Exploring the Option of Agro tourism


Agriculture has been a source of tremendous blessing to mankind and indeed Ghana. Since time immemorial, agriculture has proven to be the lifeblood of the world as it has not only been a source of food but a seedbed for other crucial industries.

Today, advancement in knowledge means that agriculture could and should be used for more than crop cultivation and livestock farming. Indeed the agriculture industry has proven to be a dynamic industry that presents a myriad of options that may not be evident from a casual glimpse of the industry.

Once upon a time, when the word “tourism” was mentioned, the imagery that quickly came to mind was that of travelling, wanderlust and basically –unbridled fun. Agriculture was hardly anywhere in sight when tourism was being considered-not anymore.

Today, agriculture is at the forefront of generating billions of dollars for countries who have made a commitment to maximising the monumental opportunities inherent in the industry through agro-tourism.

Agro-tourism is a niche form of tourism that involves the attraction of people to farms, plantations, ranches and other agricultural enterprises or landmarks. This form of tourism takes tourist or visitors to agriculture facility sites to help them appreciate the full cycle of their operations. It also affords tourists the opportunity to enjoy activities like picking fruits and vegetables  , horse and donkey riding, tasting honey, learning about alcohol distilling and palm oil processing etc.

In African Agro-tourism is fast gaining prominence; with considerable progress already recorded in south and eastern Africa. Outside Africa, agro tourism is contributing significantly to the both the farmer and local industries of Mexico, Philippines, India and the USA.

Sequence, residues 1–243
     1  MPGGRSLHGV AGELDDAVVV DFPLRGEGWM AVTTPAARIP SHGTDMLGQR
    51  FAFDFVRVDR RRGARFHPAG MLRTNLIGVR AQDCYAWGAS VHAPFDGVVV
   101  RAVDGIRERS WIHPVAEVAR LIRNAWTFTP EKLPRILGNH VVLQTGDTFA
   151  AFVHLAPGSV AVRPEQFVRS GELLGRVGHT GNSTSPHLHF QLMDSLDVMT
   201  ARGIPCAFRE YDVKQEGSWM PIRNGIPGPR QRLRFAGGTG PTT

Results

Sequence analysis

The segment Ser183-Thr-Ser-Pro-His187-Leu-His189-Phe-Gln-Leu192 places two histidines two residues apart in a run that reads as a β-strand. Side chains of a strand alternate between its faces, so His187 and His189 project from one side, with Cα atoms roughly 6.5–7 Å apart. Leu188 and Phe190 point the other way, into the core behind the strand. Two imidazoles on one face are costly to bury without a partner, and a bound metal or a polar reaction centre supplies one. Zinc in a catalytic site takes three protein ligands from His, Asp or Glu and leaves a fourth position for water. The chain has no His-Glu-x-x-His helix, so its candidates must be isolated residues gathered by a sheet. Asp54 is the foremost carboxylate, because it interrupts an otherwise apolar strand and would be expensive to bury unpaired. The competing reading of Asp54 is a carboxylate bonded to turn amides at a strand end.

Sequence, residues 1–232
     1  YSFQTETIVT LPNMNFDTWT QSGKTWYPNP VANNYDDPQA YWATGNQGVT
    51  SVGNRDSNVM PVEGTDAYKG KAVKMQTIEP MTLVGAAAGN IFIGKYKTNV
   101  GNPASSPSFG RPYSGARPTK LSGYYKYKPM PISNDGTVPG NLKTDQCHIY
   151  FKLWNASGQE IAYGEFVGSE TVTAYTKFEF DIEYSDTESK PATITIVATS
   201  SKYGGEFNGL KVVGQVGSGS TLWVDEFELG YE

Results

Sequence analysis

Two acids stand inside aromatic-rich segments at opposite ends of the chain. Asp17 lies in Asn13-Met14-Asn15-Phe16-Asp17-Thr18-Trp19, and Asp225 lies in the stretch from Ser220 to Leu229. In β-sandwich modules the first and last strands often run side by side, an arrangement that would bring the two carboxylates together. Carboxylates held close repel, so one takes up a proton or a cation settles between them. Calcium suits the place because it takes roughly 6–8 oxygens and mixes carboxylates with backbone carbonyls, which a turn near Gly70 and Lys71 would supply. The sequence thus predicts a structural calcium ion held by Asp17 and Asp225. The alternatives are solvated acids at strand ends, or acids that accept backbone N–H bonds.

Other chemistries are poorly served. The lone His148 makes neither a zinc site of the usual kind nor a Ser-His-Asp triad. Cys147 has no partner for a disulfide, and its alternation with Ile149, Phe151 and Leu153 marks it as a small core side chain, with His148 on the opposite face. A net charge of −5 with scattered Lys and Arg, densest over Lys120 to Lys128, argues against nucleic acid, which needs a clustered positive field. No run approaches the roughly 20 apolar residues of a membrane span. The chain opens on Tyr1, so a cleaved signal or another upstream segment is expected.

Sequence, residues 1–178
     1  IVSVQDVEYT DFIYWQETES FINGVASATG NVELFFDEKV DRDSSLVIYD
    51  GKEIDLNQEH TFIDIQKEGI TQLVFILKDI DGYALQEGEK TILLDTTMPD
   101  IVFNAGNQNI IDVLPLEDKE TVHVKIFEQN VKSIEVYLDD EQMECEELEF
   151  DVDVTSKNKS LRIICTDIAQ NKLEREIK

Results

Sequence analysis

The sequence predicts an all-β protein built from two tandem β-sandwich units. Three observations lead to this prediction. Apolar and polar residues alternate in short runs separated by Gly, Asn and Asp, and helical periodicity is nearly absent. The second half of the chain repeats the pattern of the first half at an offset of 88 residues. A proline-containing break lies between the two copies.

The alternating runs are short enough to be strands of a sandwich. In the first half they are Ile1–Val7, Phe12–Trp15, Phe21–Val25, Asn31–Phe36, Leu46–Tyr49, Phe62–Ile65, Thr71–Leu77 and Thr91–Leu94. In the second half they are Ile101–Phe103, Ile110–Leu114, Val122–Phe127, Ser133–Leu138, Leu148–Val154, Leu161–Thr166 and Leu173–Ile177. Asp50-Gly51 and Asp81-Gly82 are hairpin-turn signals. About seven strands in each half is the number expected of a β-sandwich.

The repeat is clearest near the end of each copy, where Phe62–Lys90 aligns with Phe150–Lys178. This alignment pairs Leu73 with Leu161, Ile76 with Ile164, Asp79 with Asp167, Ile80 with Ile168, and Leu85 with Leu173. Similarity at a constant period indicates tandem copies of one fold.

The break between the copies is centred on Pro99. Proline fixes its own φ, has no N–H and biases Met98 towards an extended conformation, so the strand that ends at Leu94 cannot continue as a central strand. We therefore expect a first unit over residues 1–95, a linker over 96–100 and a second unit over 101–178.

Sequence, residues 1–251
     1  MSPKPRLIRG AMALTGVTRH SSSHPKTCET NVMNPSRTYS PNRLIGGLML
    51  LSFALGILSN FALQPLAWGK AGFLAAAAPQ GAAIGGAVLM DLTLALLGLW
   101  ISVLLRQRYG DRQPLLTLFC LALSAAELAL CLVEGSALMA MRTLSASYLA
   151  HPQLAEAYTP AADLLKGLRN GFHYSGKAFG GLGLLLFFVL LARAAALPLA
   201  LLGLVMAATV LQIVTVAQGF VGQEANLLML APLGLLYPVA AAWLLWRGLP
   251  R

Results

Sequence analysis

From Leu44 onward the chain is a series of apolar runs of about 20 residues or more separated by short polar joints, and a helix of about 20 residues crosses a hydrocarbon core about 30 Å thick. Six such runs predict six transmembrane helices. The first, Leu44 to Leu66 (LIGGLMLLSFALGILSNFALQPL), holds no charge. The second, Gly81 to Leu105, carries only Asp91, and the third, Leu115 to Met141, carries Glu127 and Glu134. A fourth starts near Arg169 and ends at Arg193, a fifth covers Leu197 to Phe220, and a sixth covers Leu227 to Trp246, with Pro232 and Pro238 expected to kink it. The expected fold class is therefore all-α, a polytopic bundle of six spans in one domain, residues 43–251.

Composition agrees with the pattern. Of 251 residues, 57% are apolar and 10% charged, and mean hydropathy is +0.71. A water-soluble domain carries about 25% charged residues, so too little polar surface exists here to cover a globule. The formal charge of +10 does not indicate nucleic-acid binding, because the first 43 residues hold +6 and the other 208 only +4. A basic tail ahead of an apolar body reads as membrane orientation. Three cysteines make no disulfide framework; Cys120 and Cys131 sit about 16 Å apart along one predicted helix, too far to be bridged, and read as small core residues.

In Ghana however, the phrase ‘agro tourism’  remains alien to many as the venture is yet to receive any meaningful attention by government and industry players alike; a situation that needs addressing urgently to open alternative doors of opportunities for farmers and other industry practitioners.

While the benefits of agro tourism are too obvious to miss, the main drawback for agro tourism according to industry experts is attributable to lack of knowledge and exposure on the part of a majority of farmers who often show very little interest in shelving old primitive practices for new and advanced ones.


Benefits for Ghana

Although the Ghanaian farmer is undoubtedly a hard worker, not many can boast decent livelihoods. Many a Ghanaian farmer works diligently to churn out plenty only to be recompensed with little or nothing.

This makes the option of agro-tourism even more interesting and worth exploring to create a potentially lucrative income source for the diligent Ghanaian farmer while also contributing significantly to the development of the industry and in extension, the entire country. This could also be a catalyst that will spur our farmers   to adopt modern farming techniques that will make their farms eligible for tourist visits.

Agro tourism is also an effectual tool for wooing youth interest in agriculture. By nature the youth finds fun and adventure alluring .If stakeholders led by the government can initiative deliberate steps aimed at making the Ghanaian youth central to renewed efforts to make agro-tourism an essential part of our agriculture industry, we could well be on our way to experiencing a surge in youth participation in agriculture; a scenario that will have a monumental impact on the country’s development agenda.